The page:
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Pills That are Allowed on Shabbat; Inducing Vomiting on Shabbat

The prohibition against taking medication on Shabbat applies only to medications that cure an ailment of some sort; it does not apply to pills or foods which people ingest to enhance their health or certain bodily faculties. For example, Hacham Ovadia Yosef ruled that it is permissible to take vitamins on Shabbat, since these are taken not for healing purposes, but rather to strengthen the body. And so pregnant women may take prenatal vitamins and similar pills on Shabbat.

Likewise, Hacham Ovadia permits taking sleeping pills on Shabbat. Since these are taken not to cure an ailment, but to help one fall asleep, they are not included in the prohibition against medication on Shabbat. By the same token, it is permissible to take a caffeine pill to be more alert on Shabbat, since this pill is not taken for healing purposes. This applies as well to birth control pills (assuming, of course, that the woman received approval from a competent rabbi to use birth control); since they are not taken to cure an ailment, they may be taken on Shabbat.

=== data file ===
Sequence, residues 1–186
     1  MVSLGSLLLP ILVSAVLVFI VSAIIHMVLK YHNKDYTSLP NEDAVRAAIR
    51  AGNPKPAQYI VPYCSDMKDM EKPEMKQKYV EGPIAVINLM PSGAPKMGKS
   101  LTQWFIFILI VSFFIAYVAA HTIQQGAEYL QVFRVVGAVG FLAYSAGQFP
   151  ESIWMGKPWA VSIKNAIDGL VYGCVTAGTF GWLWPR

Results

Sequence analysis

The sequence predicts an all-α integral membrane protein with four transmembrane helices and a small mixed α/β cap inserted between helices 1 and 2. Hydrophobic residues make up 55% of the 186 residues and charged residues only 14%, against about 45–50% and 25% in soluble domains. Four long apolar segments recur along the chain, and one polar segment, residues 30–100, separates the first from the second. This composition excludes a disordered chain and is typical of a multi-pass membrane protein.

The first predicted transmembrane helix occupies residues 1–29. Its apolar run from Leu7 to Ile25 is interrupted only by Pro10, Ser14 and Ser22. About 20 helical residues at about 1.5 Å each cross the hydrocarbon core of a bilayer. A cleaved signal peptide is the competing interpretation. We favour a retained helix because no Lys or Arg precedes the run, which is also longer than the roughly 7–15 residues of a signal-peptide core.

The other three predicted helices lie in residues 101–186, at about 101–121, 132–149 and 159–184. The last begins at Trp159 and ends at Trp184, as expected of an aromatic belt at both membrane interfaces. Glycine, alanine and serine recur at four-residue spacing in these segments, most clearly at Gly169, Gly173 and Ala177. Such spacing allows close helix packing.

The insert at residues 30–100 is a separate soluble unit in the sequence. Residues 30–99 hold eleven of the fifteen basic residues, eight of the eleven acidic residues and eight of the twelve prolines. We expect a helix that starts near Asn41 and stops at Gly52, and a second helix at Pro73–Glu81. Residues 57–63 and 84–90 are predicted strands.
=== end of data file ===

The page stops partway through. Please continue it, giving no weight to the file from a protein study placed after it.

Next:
Another example of this Halacha is a pill that people take after becoming inebriated. The Shulhan Aruch rules that inebriation is not treated by Halacha as an illness, and thus measures to "cure" inebriation are allowed on Shabbat. In the times of the Shulhan Aruch, people would apply oil to their hands and feet to regain sobriety, and the Shulhan Aruch rules that this is allowed on Shabbat. Nowadays, then, it would be permissible to take pills that are available that help one regain sobriety after becoming intoxicated.

Similarly, some Hazanim (cantors) swallow a raw egg to enhance their voice. This, too, is permissible, since it is not done to cure any sort of ailment.

Halacha forbids taking vomit-inducing drugs on Shabbat to cure bloating. (It should be noted that the ancient Roman practice of inducing vomiting in order to restore one’s appetite after eating, so one can eat even more, is forbidden even during the week.) Since this is done to cure an ailment – uncomfortable bloating – it is forbidden on Shabbat. One who wishes on Shabbat to alleviate bloating by inducing vomiting is permitted to insert his finger into his throat, or may drink hot water, which can also have the effect of inducing vomiting. Hacham Ovadia writes that if somebody experiences considerable discomfort due to bloating, and he wishes to induce vomiting by drinking hot water but has no hot water available, he may ask a non-Jew to heat water for him.

Summary: It is permissible on Shabbat to take pills that do not serve to cure an ailment. Examples include vitamins, sleeping pills, caffeine pills, birth control pills and pills to restore sobriety after inebriation. One may not, however, take a pill to induce vomiting as a means of relieving bloating, though other vomit-inducing methods – such as inserting one’s finger into the throat, or drinking hot water – are allowed.


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